A ready supply of firewood was on hand to feed the fire under the vintage arch which originally came from the old sugar shack that now sits unused on the Smarts’ property at the top of School House Hill Road.

Ernie explained that sugaring at the Bolduc Farm location has been going on since 1779 – possibly the country’s oldest continuously operating sugar bush! Out back is their old sugar shack that has been refurbished and sits as an historic memento.

A long, hot evaporating process is required to boil 40 gallons of sap down to create each gallon of syrup. With so much water in the sap being boiled off, no wonder so much steam is created!

At this stage, it’s Ernie’s turn to become involved in the long process. In the alcove it is Ernie’s job to pass the boiling-hot maple syrup through a series of many cloth filters of varying thicknesses to remove the “sugar sand” that would give the maple syrup an unpleasant grittiness.

The resulting maple syrup is color-graded against a set of sampling bottles before it is ready to be poured into waiting containers, which are then sealed, dated and stood upside-down to guarantee purity.

As the final steps in his role in the sugaring process, Ernie then rinses each of the thick cloth filters over and over again until the residual and stain are gone. To squeeze all the water out of the filters -- which would disintegrate if wrung out , Ernie uses a device, created from two pieces of wood hinged together with leather, that is mounted on the wall above the straining station. At that point, both Ernie and the straining station are ready and waiting for the next syrup run that will come from the evaporating tank.

What would it be like to see all of this happen, without tasting the end results? Well, no visitor would leave the Bolduc Sugar House without the opportunity to not only see and smell the syrup in the making but also to taste the delicious results. And the end results are truly yummy! Just think: Native Americans had developed a maple-sugaring process which they shared with the “new comers”, and still to this day, and undoubtedly on into the future, the process will continue to be part of the late-winter-into-spring time of year when the daytime temperatures are warm while the nighttime temperatures are still cool.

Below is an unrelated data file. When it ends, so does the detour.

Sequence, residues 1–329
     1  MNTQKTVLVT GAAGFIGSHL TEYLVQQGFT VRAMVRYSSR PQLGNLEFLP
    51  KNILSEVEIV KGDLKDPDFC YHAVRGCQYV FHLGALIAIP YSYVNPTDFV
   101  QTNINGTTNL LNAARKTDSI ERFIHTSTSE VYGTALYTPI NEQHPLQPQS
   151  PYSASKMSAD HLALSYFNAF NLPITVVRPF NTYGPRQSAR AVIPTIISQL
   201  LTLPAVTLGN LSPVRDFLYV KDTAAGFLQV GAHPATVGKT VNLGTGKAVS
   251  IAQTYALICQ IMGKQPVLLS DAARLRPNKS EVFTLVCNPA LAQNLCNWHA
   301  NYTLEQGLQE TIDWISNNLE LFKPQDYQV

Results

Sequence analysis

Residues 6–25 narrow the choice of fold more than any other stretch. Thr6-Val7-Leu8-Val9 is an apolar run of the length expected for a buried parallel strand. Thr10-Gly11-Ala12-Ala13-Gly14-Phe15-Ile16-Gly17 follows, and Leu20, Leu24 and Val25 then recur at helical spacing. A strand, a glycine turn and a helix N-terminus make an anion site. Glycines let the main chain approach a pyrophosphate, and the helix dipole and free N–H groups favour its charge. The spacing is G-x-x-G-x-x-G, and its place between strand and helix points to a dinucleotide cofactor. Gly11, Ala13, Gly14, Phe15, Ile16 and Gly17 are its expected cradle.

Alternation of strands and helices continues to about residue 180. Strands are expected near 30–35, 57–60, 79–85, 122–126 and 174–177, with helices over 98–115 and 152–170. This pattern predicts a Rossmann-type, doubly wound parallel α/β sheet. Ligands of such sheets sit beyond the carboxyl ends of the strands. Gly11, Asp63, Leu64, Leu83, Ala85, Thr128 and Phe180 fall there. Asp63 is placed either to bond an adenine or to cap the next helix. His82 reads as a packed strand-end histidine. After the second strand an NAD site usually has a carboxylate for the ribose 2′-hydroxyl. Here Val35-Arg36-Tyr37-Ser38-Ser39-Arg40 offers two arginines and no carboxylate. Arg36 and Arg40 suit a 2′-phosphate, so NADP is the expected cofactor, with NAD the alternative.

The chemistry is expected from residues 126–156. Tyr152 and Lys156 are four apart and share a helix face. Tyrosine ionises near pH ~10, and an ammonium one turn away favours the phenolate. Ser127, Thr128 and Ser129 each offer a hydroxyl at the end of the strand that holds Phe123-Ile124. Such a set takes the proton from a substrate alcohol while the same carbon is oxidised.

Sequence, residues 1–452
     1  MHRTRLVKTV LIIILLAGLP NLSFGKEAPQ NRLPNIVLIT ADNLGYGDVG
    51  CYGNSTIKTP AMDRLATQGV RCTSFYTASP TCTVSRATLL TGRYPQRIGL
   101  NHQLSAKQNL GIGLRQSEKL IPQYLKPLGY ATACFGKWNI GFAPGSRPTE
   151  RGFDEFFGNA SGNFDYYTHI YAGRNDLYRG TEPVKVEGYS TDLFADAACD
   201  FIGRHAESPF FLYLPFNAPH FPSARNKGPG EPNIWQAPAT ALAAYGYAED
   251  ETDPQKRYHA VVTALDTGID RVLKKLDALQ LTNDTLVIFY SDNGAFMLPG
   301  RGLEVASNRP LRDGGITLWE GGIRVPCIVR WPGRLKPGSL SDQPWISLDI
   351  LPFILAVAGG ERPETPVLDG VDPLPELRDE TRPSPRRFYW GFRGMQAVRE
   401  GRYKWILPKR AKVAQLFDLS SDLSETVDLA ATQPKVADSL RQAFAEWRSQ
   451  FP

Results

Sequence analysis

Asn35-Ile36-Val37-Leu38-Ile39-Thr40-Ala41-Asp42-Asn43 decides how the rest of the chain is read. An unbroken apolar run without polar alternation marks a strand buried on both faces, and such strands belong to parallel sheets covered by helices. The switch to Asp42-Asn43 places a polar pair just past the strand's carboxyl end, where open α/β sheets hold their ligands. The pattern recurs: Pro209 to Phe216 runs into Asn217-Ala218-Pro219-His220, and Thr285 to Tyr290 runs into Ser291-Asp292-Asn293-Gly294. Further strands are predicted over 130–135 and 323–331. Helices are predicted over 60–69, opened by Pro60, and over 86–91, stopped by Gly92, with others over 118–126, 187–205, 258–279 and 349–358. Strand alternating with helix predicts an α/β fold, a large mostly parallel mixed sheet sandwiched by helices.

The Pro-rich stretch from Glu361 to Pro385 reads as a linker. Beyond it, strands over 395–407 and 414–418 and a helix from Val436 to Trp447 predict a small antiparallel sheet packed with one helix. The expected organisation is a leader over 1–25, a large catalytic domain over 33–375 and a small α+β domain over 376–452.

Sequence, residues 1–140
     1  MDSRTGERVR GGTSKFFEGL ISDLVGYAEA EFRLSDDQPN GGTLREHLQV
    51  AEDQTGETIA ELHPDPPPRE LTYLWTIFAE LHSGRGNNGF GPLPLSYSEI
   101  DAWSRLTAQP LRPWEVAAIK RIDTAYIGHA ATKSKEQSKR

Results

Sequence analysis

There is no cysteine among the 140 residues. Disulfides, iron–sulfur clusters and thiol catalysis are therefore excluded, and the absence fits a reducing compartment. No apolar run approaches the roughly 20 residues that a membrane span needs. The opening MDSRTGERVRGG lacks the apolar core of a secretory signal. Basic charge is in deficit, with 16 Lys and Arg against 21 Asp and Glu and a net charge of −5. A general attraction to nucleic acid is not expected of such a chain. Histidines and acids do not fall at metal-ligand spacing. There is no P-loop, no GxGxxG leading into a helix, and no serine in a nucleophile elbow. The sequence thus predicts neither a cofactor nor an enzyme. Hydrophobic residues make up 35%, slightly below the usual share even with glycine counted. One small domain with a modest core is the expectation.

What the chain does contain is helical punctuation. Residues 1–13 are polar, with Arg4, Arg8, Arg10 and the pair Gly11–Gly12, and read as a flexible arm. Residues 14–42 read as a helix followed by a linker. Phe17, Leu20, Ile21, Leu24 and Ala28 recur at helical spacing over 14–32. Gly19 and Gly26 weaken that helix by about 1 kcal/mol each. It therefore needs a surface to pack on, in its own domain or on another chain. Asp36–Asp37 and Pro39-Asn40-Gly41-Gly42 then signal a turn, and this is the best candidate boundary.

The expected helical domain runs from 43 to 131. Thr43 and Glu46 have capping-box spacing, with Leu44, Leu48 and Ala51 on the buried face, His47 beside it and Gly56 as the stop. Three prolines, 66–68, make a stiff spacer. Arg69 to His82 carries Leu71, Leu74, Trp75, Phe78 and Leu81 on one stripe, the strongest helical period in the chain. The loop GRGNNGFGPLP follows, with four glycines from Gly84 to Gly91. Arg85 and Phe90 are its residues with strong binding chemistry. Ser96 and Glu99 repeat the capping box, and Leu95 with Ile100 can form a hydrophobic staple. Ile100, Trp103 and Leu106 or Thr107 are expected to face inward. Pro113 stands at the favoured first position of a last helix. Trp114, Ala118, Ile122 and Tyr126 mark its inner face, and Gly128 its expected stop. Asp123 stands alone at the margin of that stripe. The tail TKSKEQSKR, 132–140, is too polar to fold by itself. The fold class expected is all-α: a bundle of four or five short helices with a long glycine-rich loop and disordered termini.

Before I bring this writing to an end, I must say one more thing. Sugaring time is, without question, a time when people “work together” but also a time when the workers and others, too, come together in a kind of camaraderie that satisfies a basic need that makes people “people”. -- Hats off to the Bolducs for offering this wonderful experience to us right here in our own neighborhood.

Weather permitting, sugaring off will be occurring at the Bolduc Farm on Morrill Street in Gilford again this coming weekend. -- Watch Thompson-Ames Historical Society’s website www.gilfordhistoricalsociety.org as well as posters in Gilford Village in the Grange windows and at the Library for announcements about when maple syrup processing will be happening at the Bolduc Farm.